Monday, August 29, 2005

Here's the brand-new, no-frills fire pit I put in my back yard. I can hear them snickering at DIY Channel but, hey, it will do the job. Drop by and we'll toast some marshmallows. Or a whole's a big'n!

In the mean time, they've started the demolition of the motel across the street. A landmark and eye-sore in Steinhatchee since the 40s, to be replaced with a dozen condos. I guess I won't be able to go jump off the dock on hot summer days anymore. Here's a pic from my front yard.

Tuesday, August 23, 2005

Scrub Country Poem

Carry me on the voice of crows;
I’ll live the harsh music of your days,
hold the cicada heart of the evening,
the humming dusk, close to me.

Carry me to the pine-top sun;
a corvine shadow, I seek my name,
no more than a whispered sigh
of Spanish moss, a campfire song.

No more than the afternoon rain,
conversing with palmetto fronds –
Carry me on the voice of rivers;
I’ll wear the heat of distant skies.

Stephen Brooke ©2005

I rarely write poems about places and even less the part of Florida where I live. If this really is about a place!
George Bush is out jogging one morning and notices a little girl on the corner with a box. Curious, he runs over to the little girl, Hannah, and says, "What's in the box, kid?"

Little Hannah says, "Kittens, they're brand new kittens."

George Bush laughs and says, "What kind of kittens are they?"

"Republicans," says Little Hannah. "Oh that's cute," he says and goes on his way.

A few days later, George Bush is running with his buddy Dick Cheney and he spies Little Hannah with her box just ahead. George Bush says to Dick, "You gotta check this out," and they both jog over to little Hannah.

George Bush says, "Look in the box, Dick, now isn't that cute?

Look at those little kittens. Hey, kid, tell my friend Dick what kind of kittens they are." Little Hannah replies, "They're Democrats."

"Whoa!" George Bush says, "I came by here the other day and you said they were Republicans. What's up?"

"Well," Little Hannah explains, "their eyes are open now."

Sunday, August 21, 2005

When roses read and violets blew,
I rose from bed, blue over you.
Stormy, whether old or knew
your reign, now thoroughly through,
away passed as the mourning do.

more playing.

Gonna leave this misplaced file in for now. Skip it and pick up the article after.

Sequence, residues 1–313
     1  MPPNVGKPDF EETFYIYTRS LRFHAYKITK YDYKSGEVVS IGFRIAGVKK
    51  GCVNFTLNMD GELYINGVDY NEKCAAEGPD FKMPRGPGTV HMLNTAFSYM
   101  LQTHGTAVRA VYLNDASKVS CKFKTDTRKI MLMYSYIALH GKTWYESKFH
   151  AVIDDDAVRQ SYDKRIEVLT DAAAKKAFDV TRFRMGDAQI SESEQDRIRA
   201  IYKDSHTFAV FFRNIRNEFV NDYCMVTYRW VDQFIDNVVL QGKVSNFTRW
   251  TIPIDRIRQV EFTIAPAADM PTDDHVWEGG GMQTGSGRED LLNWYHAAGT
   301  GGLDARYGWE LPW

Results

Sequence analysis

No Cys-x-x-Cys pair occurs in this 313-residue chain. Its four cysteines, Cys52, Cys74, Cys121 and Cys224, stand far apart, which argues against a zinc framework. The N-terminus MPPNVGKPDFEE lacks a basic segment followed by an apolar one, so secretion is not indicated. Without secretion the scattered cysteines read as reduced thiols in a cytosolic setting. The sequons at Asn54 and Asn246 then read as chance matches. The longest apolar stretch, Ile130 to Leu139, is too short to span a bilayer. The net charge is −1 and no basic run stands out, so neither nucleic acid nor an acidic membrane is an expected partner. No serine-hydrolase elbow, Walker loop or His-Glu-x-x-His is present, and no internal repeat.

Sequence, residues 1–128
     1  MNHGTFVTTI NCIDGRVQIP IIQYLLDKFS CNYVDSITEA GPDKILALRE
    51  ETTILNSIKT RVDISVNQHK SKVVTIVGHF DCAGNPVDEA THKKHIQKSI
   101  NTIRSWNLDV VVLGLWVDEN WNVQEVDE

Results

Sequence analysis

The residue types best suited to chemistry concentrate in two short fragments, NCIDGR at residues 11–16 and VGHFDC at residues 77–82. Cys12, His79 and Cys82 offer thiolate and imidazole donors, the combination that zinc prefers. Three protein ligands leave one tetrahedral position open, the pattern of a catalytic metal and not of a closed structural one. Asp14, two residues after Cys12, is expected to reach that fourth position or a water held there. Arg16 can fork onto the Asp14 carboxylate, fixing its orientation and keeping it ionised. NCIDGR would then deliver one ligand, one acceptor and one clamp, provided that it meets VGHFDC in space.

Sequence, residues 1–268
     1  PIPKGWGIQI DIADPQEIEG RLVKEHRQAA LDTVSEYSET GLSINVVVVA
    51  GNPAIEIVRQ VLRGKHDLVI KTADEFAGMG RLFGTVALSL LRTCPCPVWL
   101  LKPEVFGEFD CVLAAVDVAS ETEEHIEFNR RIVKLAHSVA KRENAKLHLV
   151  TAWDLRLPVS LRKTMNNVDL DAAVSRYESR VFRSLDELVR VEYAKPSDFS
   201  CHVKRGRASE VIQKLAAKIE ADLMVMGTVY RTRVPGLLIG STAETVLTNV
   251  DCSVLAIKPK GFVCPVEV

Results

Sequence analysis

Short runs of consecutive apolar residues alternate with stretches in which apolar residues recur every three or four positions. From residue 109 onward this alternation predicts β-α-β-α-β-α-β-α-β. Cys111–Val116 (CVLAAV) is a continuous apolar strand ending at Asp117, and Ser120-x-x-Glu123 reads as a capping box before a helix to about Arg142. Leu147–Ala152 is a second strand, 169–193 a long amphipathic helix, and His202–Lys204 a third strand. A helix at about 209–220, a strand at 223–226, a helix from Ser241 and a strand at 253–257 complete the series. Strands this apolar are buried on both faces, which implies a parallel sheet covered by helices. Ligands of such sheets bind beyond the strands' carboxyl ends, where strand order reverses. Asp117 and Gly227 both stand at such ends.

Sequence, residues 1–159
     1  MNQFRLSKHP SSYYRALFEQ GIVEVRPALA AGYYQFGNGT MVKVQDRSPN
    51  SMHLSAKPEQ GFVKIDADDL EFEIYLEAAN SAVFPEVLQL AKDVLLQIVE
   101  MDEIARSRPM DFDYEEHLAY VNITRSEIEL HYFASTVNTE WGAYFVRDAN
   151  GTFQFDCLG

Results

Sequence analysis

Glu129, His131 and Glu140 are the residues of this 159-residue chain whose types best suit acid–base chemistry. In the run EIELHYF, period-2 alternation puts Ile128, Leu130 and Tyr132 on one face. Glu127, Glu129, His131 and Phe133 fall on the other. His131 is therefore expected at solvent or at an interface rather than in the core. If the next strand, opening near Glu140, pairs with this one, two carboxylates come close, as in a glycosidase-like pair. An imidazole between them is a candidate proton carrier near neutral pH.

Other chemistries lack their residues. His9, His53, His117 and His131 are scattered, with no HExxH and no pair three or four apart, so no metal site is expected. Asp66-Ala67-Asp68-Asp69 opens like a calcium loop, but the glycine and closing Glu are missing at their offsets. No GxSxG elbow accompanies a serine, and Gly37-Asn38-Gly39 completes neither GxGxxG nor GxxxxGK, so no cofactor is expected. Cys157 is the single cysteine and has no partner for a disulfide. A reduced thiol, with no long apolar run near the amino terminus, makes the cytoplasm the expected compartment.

Dogs got God’s togs –
hair here, hair there –
to wear anywhere,

Pay me no mind. I'm just playing with my words again.

I’ll pretend you’re someone else,
You can do the same;
We’ll make love and tell each other
Yesterday’s to blame.
Blinded and adrift in you,
I may speak a name;
Light me then a thousand candles
From a single flame.

Pray for me a thousand prayers,
End each with your kiss;
Let me fall into the night,
Curse me with more bliss.
Such inchoate offerings
Some choose to dismiss;
Yet I must believe in love’s
Every artifice.

Rise tomorrow, like the sun,
Like the morning star;
Hold me so I can’t let go,
Hold all that we are.
Let your song be of the night,
Of a land afar;
Lift your voice up to the dawn,
To the morning star.

Stephen Brooke ©2005

Obviously not a 'song' in any pop sense...yet strictly metered and singable.

Thursday, August 18, 2005


Just another bomber.
Another kid off to Paradise
on wings of flame.

Does anyone bother,
now, to read the details?

We shrug and go on,
not understanding.
Not able to understand

and relieved
that we never will.

Stephen Brooke ©2005

Tuesday, August 16, 2005

On Bukowski’s Birthday

Not Brautigan – the other guy
who starts with B. Yeah, Bukowski,
that’s right. I get them mixed up.

Used to like his stuff. Liked both,
to be honest. Plain speech poets.
I don’t do that much, now,

my inner Beat has lost his cool.
I think it stepped in front of Sexton’s
speeding Cougar. Or was that

a mirrored tiger, in a coat
of many colors? Psychedelic,
man. Let me hide this stash

of words and we’ll head to the party.
Wouldn’t do to take them along;
you know? No one there is a user.